By: Tim Ford | Last Updated: 2008-12-22 | Comments | Clustering
We have a two node SQL Server cluster in our organization. We are running an instance of Microsoft SQL Server on each node in the cluster. I'm coming up to speed on the Cluster Administrator tool and I am looking for a process by which I can check the configuration settings that were put in place with the SQL Server installation, specifically the failover options for each SQL instance and ownership of the instances.
Many of the cluster-specific configuration settings implemented upon installation of Microsoft SQL Server 2005 are able to be modified post-install via the Cluster Administrator management tool integrated into the Windows Server operating system.
Access to Cluster Administrator is obtained via START\Administrative Tools\Cluster Administrator from the Start Menu in Microsoft Windows. A previous tip provided a high-level overview of this management control panel and offered insight into how to manually fail-over a SQL Server instance between nodes in the cluster. Please review this tip Cluster Administrator Application for SQL Server DBAs if you are unfamiliar with the general layout and functionality of the Cluster Administrator.
In order to become acquainted with the layout of the sample cluster used in this discussion I would like to take a moment to lay out the naming conventions I am using. Please also refer to the screen shot below for review. It is the same assumptions and naming conventions used in the previous Cluster Administrator tip.
|SQL03||Physical Name of primary server participating in cluster|
|SQL04||Physical Name of secondary server participating in cluster|
|DEV01||Name of virtual server and associated resource group|
|DEV02||Name of other virtual server and associated resource group|
|DEVBACKUP||Resource group associated with dedicated backup disk|
To proceed with answering your question, select a resource group to review, right click, and select properties:
The following dialog box will be displayed:
This dialog presents the name of the resource group, a description for the resource group if one has been associated, and the listing of preferred owners for the resource group in question. A preferred owner is physical server/node given preference over ownership when nodes are brought down (either gracefully or by force) or during situations involving manual failover or failback scenarios. This information is particularly critical in clusters where you may want to dedicate physical hardware to only certain instances of SQL Server, allowing the remaining nodes to handle high-availability functionality between themselves. For example consider the following example:
You have a four node cluster with 3 instances of SQL Server 2005 installed. The instances and physical node ownership is as follows:
|Physical Node||Instance Name / Resource Group||Notes|
|Server01||SQL01||Dedicated Instance / Node combination for critical financial databases|
|Server02||SQL02||SQL shared environment for 50 databases|
|Server03||SQL03||SQL instance for 20 databases|
|Server04||Passive node for accepting failover of SQL resources|
As the DBA you've been given the following requirements for this cluster:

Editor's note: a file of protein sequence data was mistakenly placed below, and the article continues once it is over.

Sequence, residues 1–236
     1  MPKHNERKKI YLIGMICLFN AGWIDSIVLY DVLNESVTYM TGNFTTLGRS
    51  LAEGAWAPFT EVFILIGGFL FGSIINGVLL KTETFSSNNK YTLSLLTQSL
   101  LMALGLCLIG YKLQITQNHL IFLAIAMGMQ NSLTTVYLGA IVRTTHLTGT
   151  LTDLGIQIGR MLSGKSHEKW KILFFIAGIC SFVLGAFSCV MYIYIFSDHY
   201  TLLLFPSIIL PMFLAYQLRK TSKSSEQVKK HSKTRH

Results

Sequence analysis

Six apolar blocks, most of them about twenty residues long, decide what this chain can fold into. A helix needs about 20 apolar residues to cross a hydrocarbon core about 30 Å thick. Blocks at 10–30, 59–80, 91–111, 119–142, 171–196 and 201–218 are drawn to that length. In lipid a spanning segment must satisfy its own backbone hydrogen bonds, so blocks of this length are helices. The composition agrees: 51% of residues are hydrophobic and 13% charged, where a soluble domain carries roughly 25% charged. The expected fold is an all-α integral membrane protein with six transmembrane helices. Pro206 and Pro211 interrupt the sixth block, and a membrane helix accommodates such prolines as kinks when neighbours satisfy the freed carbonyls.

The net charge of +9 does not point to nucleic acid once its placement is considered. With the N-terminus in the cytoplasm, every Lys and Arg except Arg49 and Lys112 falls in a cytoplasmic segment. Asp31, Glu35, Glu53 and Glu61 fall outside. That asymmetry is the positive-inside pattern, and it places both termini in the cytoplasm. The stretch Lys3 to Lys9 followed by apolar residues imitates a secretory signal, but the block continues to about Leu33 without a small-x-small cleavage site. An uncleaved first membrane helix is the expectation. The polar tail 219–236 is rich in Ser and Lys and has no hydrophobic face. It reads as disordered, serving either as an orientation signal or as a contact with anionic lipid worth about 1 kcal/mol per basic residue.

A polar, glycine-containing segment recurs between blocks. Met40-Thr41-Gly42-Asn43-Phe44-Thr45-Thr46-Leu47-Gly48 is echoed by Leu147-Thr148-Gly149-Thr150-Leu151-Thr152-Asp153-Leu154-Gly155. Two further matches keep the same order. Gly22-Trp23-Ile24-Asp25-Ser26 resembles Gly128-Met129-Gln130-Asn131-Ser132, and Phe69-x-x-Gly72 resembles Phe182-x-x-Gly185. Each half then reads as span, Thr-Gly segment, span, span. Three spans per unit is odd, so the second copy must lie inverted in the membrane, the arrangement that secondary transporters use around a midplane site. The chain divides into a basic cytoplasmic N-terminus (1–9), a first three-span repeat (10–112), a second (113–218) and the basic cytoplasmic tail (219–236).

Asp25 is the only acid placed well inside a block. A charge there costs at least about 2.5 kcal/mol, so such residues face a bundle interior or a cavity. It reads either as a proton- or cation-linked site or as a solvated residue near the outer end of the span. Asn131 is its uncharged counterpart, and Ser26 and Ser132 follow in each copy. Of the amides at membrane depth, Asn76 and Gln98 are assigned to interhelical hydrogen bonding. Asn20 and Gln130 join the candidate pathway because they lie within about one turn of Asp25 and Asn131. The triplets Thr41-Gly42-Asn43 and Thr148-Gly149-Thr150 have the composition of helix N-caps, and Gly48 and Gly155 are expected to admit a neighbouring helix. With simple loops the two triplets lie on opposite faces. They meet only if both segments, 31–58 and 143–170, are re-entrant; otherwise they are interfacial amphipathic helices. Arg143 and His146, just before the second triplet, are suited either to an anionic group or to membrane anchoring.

- A cost center in your organization has funded the purchase of hardware and licensing for SQL01 and Server01. Only its databases can run on that server.
- Servers 02 and 03 and their associated SQL instances are enterprise-funded and should be able to accept failover of any other SQL instance in the cluster.
- Server04 is dedicated to accept failover of only the SQL01 instance of the critical financial databases running by primary default on Server01.
In order to accomplish these requirements you need to navigate as I've prefaced above. You will assign the Preferred Ownership by selecting Modify on the General Tab of the Resource Group's properties menu.
In the screen shot above you'll note that the ownership has not been set. By not doing so you're jeopardizing the automatic failover process' success. In the example I laid out above your "Modify Preferred Owners" dialog should look like this for each of the resource groups:
Resource Group SQL01
Note that the primary owner is Server01, yet Server04 is allowed to own the resources for SQL01 in case Server01 encounters physical server failure or a reboot/shutdown request.
The resource groups for SQL02 and SQL03 are both allowed to run on one anothers primarily assigned physical node if necessary due to a failover request. The ownership is therefore identical with the exception of priority.
Resource Group SQL02
Resource Group SQL03
As you can see it is a very simple process by which you construct the failover behavior in Cluster Administrator. This process is identical for any resource group type and is not limited to simply the SQL Server resource group. I suggest reviewing these settings after any SQL Server installation to verify that the physical node ownership was configured properly and also periodically reviewing the ownership to ensure that the customer requirements for high-availability are met in an accurate fashion.
- Additional Microsoft SQL Server clustering tips are available on MSSQLTips.com:
- Stay tuned for additional tips to come on the following clustering subjects:
- Installing Microsoft SQL Server 2005 in a Microsoft Clustered Server environment.
Last Updated: 2008-12-22
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